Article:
'I Have a Life': Employer Dragged for Wanting Applicant to Ditch Hobby

Members of a popular forum were quick to offer advice to one internet poster who explained why they were rejected from a potential job opportunity.

In a viral Reddit post published on r/antiwork, Redditor u/EmperorJJ (otherwise referred to as the original poster, or OP) said they recently had a job interview they were "really excited about" but detailed the strange line of questioning they believe ruined their chances of landing the position.

Titled, "I just got turned down for a job because I wasn't willing to give up my hobbies," the viral post has received nearly 17,000 votes and 1,700 comments in the last 7 hours.

Writing that the position they interviewed for pays well and comes with "extensive benefits," the original poster said their interview went well until they were asked about any commitments they have outside of the workplace.

"I do community theatre in my free time," they wrote. "It has never gotten in the way of my work schedule."

"I love the theatre, it's my whole social life. I even make a little money on the side designing for shows," they continued. "When the interviewers asked what I did in my free time, I told them, and explained how many of my professional skills are easily applicable to the local theatres."

Despite their insistence that their outside obligations have never interfered with a job, the original poster said they were then asked if they'd be willing to leave the theatre behind in order to focus entirely on work.

"'Would you be willing to give that up for this position?'" OP wrote, recounting a question posed by an interviewer.

"'We don't generally like when our employees have additional jobs. We prefer that this be your primary concern,'" the interviewer continued.

Following the question, the original poster said they assured the interviewer that their involvement with the theatre was not a job, but a hobby. Despite this, the original poster said they were rejected for the position and questioned the prospective employer's motives for their request.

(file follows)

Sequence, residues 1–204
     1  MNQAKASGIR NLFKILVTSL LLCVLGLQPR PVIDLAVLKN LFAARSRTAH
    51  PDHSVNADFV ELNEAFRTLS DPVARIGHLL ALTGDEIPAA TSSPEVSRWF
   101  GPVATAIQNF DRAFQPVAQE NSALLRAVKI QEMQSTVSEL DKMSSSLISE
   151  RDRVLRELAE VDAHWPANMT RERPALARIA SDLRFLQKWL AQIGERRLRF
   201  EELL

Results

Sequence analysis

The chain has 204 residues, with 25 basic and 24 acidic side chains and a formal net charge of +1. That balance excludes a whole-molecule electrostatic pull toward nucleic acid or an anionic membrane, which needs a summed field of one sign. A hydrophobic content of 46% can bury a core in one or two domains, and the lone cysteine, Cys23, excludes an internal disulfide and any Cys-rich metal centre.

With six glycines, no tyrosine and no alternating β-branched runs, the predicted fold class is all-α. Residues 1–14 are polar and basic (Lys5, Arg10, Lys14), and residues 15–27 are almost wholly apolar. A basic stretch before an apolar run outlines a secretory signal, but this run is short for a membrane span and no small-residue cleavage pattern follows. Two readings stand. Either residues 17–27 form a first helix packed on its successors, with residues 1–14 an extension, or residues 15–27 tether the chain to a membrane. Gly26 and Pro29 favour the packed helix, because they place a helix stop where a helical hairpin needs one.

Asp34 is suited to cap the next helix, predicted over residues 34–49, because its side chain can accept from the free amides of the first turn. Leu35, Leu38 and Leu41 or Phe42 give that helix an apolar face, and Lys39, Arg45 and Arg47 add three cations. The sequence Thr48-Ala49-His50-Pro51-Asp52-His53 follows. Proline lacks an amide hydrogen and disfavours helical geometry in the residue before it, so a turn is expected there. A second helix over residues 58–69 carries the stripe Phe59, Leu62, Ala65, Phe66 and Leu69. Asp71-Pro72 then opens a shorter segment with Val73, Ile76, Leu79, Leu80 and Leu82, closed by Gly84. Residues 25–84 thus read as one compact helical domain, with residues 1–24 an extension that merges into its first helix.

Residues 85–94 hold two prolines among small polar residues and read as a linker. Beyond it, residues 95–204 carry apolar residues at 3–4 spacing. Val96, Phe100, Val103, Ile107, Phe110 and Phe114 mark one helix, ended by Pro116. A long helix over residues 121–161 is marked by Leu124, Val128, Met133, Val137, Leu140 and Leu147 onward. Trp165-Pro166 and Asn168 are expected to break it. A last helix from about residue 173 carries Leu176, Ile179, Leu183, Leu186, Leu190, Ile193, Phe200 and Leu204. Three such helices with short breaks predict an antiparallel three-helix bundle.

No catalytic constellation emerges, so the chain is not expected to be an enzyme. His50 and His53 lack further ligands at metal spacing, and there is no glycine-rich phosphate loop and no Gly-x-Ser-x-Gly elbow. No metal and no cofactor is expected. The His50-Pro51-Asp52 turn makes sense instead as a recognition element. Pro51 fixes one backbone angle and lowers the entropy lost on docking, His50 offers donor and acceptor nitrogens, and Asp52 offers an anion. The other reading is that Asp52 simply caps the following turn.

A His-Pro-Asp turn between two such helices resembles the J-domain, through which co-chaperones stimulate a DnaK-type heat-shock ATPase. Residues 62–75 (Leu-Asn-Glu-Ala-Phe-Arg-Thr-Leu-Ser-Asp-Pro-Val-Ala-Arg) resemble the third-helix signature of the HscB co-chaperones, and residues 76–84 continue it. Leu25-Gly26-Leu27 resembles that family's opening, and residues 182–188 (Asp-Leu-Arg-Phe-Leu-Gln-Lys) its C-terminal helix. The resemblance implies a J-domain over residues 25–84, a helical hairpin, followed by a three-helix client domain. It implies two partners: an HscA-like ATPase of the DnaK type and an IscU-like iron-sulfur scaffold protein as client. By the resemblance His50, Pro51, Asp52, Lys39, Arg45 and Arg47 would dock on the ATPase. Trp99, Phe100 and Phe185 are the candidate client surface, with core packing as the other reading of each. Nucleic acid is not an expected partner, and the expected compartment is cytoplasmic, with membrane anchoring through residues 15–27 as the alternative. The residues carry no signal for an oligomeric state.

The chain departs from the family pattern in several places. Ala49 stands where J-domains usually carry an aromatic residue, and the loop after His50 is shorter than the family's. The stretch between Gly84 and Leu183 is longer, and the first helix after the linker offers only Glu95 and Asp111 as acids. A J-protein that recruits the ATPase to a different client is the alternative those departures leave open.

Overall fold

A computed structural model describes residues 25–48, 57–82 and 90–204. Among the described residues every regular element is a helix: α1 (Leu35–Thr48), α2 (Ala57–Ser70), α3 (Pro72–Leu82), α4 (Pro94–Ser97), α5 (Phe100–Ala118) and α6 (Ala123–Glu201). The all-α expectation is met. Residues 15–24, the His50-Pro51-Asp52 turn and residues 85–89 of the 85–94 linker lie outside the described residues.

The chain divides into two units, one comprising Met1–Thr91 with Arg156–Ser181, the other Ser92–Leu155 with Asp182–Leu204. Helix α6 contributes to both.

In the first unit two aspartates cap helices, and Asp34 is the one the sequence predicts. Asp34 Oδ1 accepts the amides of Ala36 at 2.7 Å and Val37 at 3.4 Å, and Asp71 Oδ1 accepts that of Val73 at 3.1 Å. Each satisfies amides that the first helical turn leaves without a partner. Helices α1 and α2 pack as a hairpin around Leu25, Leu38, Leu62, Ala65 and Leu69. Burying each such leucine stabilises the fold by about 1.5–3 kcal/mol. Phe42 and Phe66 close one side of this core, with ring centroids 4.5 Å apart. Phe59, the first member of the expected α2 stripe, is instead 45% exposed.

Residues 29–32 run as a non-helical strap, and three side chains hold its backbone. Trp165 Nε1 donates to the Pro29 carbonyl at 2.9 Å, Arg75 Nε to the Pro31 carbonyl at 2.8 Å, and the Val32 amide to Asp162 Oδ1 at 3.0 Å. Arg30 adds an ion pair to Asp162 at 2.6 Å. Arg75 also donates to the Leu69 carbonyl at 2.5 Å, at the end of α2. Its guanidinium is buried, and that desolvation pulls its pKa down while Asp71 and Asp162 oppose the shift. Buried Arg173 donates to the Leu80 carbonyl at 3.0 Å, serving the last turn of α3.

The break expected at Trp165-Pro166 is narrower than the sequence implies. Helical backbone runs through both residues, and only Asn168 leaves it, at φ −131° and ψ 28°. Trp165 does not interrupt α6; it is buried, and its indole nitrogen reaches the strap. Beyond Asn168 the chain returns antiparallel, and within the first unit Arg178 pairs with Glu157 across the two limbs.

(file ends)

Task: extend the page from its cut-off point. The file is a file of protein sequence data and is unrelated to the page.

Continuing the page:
"As much as I would have loved a better wage and more reliable job, is that what you have to give up to get a benefited position today?" they wrote. "I have to be willing to give up everything and everyone I love, the only thing I'm passionate about, the only part of my week I really enjoy?"

"God forbid I have a f*****g life or volunteer my spare time to anything outside of the office," they added.

Rejected from job for hobbies
Thousands of Redditors came to the defense of one prospective employee who said they were rejected from a job opportunity because of their hobbies. fizkes/iStock / Getty Images Plus

Employers asking applicants about their hobbies is common practice.

By asking about life outside of the workplace, employers are sometimes able to determine if an applicant is team-oriented, if they possess leadership skills and if they can set and achieve goals, according to Business Insider.

However, questions about hobbies can also allow employers to gauge how committed prospective employees will be if hired.

In an interview with Business Insider, "Tame Your Terrible Office Tyrant: How to Manage Childish Boss Behavior and Thrive in Your Job" author Lynn Taylor assured that many employers have ulterior motives for wanting to know about applicants' outside interests.

"If you talk about how passionate you are about a particular hobby to the point where it sounds as if you want to make that your primary career, that may send up a red flag," Taylor said. "Even if you claim that such endeavors have nothing to do with the job at hand, you are still raising a red flag."

"No interviewer wants to feel as if you're just trying to gain a salary or work experience," Taylor added.

Throughout the viral Reddit post's comment section, Redditors speculated that the original poster was asked about their hobbies for this exact reason and remained adamant that their rejection from this particular job could ultimately be a blessing in disguise.

"Probably a place you don't want to work, OP, no matter how nice it looked from your interviewing perspective," Redditor u/CheeseburgerBrown wrote in a comment which has received more than 3,000 votes.

"Asking someone to give up their hobbies is a toxic trait from an employer," they added. "Never mention making extra money outside of work. I think it was the additional compensation that triggered their alarm bells."

In a separate comment, which has received nearly 1,000 votes, Redditor u/waylorn offered a similar response.

"They specifically wanted to know if you'd give it up because they were clearly planning on having you 'stay late' on most or many nights, and if you had other obligations you'd have a reason to turn them down," they wrote.

"You dodged a bullet," they added.

Newsweek reached out to u/EmperorJJ for comment.

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